watch. In an hour we’ll move out, march through the jungle.
Set up an NDP. Send out patrols. Set up an ambush. I reach
into my pack, snare the blue lined Red Cross writing pad, a
cracked Bic pen, write to the company which makes our salt
tablets. I’ve written many letters of inquiry; it helps pass
Dear Sir or Madam, Did the artist Gervasio Gallardo draw
the cover art for
S. Beagles’ latest book? It’s very beautiful. I
intend to read the story. Your reply is most appreciated.
Dear Sir or Madam, I would like to know what is meant by
‘processed cheese’. This term appears on the list of
ingredients of your dairy product, which I enjoy immensely
when I am not otherwise engaged.
There is time to write to my parents. I’m stupid.
Still seeking the impossible.
Today we killed five. Actually they were dead before we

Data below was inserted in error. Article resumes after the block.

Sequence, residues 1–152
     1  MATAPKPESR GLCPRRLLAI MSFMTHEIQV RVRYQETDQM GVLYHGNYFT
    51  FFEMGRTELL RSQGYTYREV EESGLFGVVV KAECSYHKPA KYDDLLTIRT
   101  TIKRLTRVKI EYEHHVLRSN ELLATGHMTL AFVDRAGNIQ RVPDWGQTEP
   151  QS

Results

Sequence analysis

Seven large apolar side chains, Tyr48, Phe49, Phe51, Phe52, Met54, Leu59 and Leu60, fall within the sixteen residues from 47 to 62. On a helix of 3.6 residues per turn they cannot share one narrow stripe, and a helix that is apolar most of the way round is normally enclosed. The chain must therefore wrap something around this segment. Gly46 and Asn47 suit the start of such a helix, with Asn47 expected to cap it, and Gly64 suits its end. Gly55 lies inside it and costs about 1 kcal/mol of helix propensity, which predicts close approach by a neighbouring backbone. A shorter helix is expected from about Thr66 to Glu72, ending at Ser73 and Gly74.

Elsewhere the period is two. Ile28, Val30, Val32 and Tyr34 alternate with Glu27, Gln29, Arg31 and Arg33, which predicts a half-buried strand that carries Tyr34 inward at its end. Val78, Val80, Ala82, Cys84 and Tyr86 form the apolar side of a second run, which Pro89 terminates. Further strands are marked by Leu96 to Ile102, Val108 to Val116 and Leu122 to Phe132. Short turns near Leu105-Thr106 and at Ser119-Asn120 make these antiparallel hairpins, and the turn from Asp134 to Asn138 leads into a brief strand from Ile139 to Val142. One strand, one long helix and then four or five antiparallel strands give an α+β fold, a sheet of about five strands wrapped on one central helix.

killed them. They had walked into our booby trap. They
scream a lot. Then they are dead. The lieutenant says I’m
doing a good job. The others do the killing. I’m the medic,
remember? So far I’ve patched up six of my guys. We’re so
lucky. We’ve been killing them more than they kill us. No
one understands why they don’t bleed. We just can’t figure
that out. Oh well. I’ll be sending you something I took from
a dead man. Put it in a safe place. More when it happens.
After an hour's march we stop, set up the perimeter. String
the trips and claymores. Dig foxholes. Soon the skin mags